Age Advantage Association – Community Mapping

"Rather than focus on the sharing of information between government departments, focus on the access to tools and data for citizens to formulate their own analysis e.g. community mapping" Dr. Bob Maher – 2014¹

Cultural mapping involves a community identifying and documenting local cultural resources. Through this research cultural elements are recorded – the tangibles like galleries, craft industries, distinctive landmarks, local events and industries, as well as the intangibles like memories, personal histories, attitudes and values. After researching the elements that make a community unique, cultural mapping involves initiating a range of community activities or projects, to record, conserve and use these elements. …The most fundamental goal of cultural mapping is to help communities recognize, celebrate, and support cultural diversity for economic, social and regional development. — Clark, Sutherland and Young

An emerging interdisciplinary field Cultural mapping reflects the spatial turn taken in many related areas of research, including culturaland artistic studies, architecture and urban design, geography, sociology, cultural policy and planning. Traditional approaches to cultural mapping emphasize the centrality of community engagement, and the process of mapping often reveals many unexpected resources and builds new cross-community connections.


 

Bibliography - Mapping Resources:



Documents*:


Maps:

Au coeur de l'Acadie - Acadian settlement on the Annapolis River, 1707

 

 

 

Port-Royal, Acadie vers 1700 – no attribution

Map published by Human Resources Development Canada (no date shown), with cartography and design by Craig Brigley, COGS and the support of Annapolis Ventures and Parks Canada

Map of the River of Annapolis Royal – from a 1733 survey, by George Mitchell, with corrections added in 1753: from Supplement to the History of the County of Annapolis: A.W.Savary – published by William Briggs 1913 pp: 34/35 *George Mitchell came to Nova Scotia in September 1732 as deputy to David Dunbar, surveyor of his majesty's woods in America. Dunbar had been commissioned to enforce the White Pine Acts of 1711, 1712, and 1729, which prohibited the cutting of white pine, reserved for mast-making, on government lands. Following the instructions of Dunbar and the provincial lieutenant governor, Lawrence Armstrong, Mitchell surveyed lands from Passamaquoddy to Cape Sable for stands of pine and mapped the Annapolis River basin. He also helped to oversee the construction of a road from Annapolis Royal to Minas, where he and several others had been granted a patent to recently discovered mines.

A Bird's Eye View of Annapolis Royal & Granville, Nova Scotia - 1876* – by T.M. Fowler, Morrisville, PA: from: The Mapmaker's Legacy - 19th Century Nova Scotia through maps – Joan Dawson. Nimbus Publishing Ltd. – 2007 p. 135

"Thaddeus M. Fowler was an American who specialized in making this type of map. The map, like many of this period, includes a directory locating the major businesses and hotels (which no doubt paid handsomely for their inclusion) as well as public buildings, including churches of several denominations. In addition to representation of these buildings, and of the private houses in the two towns, the map gives other details of contemporary activities.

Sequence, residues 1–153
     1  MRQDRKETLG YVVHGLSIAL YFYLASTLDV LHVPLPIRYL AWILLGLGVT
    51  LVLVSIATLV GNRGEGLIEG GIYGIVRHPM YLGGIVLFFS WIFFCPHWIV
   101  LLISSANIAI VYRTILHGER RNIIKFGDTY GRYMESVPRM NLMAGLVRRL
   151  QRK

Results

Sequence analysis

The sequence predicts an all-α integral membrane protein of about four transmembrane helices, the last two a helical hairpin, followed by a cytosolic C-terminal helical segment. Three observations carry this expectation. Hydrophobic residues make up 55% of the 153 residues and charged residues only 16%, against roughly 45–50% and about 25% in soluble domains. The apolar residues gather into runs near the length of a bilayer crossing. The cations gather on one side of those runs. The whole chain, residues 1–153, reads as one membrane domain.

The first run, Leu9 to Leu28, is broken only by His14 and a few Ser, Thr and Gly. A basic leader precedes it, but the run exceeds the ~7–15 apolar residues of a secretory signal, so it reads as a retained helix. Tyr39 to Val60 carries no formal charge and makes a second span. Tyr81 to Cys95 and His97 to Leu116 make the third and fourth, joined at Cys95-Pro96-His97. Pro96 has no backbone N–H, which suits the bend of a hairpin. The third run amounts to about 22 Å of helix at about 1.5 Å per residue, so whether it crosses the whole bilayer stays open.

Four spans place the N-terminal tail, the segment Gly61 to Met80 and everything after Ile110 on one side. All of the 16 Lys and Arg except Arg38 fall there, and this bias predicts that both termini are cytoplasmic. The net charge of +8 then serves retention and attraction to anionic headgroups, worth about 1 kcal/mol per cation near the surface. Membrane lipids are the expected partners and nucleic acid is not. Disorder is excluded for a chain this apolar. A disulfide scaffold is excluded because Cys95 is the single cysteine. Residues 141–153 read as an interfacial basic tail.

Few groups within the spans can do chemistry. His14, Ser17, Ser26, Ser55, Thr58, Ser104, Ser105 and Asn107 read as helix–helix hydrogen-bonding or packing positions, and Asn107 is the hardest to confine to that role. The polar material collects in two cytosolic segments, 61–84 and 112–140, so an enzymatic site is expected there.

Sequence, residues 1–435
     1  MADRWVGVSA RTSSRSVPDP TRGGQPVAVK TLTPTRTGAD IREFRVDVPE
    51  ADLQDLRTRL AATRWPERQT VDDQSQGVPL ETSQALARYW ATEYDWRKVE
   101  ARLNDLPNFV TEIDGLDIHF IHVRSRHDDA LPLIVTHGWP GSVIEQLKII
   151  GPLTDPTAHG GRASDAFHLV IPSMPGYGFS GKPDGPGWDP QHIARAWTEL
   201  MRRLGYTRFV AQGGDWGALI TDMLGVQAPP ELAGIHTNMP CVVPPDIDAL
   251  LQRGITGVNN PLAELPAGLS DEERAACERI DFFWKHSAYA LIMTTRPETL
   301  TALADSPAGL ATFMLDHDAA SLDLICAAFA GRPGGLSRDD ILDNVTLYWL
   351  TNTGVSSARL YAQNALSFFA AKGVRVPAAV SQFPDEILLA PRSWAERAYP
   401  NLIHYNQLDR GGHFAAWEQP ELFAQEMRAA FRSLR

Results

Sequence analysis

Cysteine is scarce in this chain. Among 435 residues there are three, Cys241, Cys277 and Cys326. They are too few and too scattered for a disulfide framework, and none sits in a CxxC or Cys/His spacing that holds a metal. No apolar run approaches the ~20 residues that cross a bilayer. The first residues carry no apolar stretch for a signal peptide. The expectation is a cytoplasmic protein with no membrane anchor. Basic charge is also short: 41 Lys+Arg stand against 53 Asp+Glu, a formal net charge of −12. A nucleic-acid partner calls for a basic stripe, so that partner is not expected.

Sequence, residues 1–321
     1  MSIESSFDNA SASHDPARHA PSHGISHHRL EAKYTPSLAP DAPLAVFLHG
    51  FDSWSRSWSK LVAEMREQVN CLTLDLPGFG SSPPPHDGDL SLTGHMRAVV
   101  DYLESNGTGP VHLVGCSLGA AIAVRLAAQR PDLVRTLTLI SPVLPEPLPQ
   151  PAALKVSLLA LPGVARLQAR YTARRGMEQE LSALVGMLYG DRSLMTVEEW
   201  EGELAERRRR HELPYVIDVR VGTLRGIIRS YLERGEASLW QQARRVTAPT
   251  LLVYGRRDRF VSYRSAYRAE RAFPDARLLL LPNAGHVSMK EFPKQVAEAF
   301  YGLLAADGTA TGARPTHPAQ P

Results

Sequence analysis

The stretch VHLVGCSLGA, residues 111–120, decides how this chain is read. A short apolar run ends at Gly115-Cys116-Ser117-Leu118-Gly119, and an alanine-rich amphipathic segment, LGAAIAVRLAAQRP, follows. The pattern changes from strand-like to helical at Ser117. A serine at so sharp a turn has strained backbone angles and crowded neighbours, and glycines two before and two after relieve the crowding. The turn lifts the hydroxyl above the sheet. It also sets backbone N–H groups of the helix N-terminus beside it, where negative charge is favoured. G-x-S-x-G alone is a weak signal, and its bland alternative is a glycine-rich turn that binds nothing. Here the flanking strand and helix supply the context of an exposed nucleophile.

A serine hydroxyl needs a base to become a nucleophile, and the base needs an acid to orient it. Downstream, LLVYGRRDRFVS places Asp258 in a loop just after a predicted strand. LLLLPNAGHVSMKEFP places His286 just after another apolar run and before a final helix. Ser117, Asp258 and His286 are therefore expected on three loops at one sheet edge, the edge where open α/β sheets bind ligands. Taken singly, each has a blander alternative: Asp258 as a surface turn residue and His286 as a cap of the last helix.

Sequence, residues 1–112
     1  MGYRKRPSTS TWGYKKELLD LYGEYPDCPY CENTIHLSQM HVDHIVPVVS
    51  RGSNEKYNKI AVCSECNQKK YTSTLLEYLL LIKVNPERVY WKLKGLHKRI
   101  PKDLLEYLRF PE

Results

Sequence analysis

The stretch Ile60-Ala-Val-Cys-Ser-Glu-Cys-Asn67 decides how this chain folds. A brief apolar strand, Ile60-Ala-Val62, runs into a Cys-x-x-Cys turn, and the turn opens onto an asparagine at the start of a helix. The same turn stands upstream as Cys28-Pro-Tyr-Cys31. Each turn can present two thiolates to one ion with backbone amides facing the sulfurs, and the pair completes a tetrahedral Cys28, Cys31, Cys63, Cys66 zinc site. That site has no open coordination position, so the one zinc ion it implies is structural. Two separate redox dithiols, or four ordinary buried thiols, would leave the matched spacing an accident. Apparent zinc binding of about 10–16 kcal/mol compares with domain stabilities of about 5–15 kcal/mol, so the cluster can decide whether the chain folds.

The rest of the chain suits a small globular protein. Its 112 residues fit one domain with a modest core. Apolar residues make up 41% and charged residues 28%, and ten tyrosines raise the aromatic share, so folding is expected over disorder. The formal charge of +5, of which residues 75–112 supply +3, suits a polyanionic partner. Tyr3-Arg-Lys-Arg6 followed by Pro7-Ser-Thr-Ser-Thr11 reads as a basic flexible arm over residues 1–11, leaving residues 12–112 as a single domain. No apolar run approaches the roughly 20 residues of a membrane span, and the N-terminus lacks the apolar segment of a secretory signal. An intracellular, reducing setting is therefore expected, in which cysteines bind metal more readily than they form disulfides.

The most prominent feature of Annapolis Royal was the historic Fort Anne, whose earthworks and buildings are instantly recognizable. Beside it stood (and still stands) the courthouse. St. George Street was the commercial centre of the town. Along the waterfront was a row of businesses, warehouses and wharves, some with ships moored and cargo stacked alongside. Some of these were no doubt fishing boats, others trading ships Among the many sailing vessels in the harbor there is one steamship, named the Empress, a harbinger of the coming change from sail to steam that would alter the Nova Scotian economy forever. Also in evidence is the Windsor and Annapolis Railway, which came to the town in 1869 and increased its shipping activity by providing a link to Halifax and other places in eastern Canada. On the inland side of St. George Street were hotels and the post office. The railway station was farther from the water on Church Street.

One of the biggest industries was the mill and shipyard owned by Lawrence De Lap, shown here with two vessels under construction. Another business connected with the shipping industry was C. K. Weddleton sail loft, strategically placed by the harbor at the angle of St. George Street. Other industries included the Annapolis Iron Foundry and the Annapolis Door and Sash Manufacturing Company.

Granville was a smaller and more rural community, with several churches, a temperance hall, and a post office in the centre of town. It too had wharves along the waterfront, one of which must have supported the ferry to Annapolis, which is not identified but which later gave the name Granville Ferry to the community.

Both settlements are portrayed communities. The streets are full of pedestrians and wagons and there is activity on the wharves. A nice touch is the man leading his ox team on the road away from Granville. Fowler was a skilled draftsman and presented a favourable picture of the area and its activities."

Joan Dawson, pp: 134 – 137 ibid


A Bird's Eye View of Annapolis Royal & Granville, Nova Scotia - 2005 – by Jim Todd, TODD Graphic, 2014. Historical Association of Annapolis Royal

 

 



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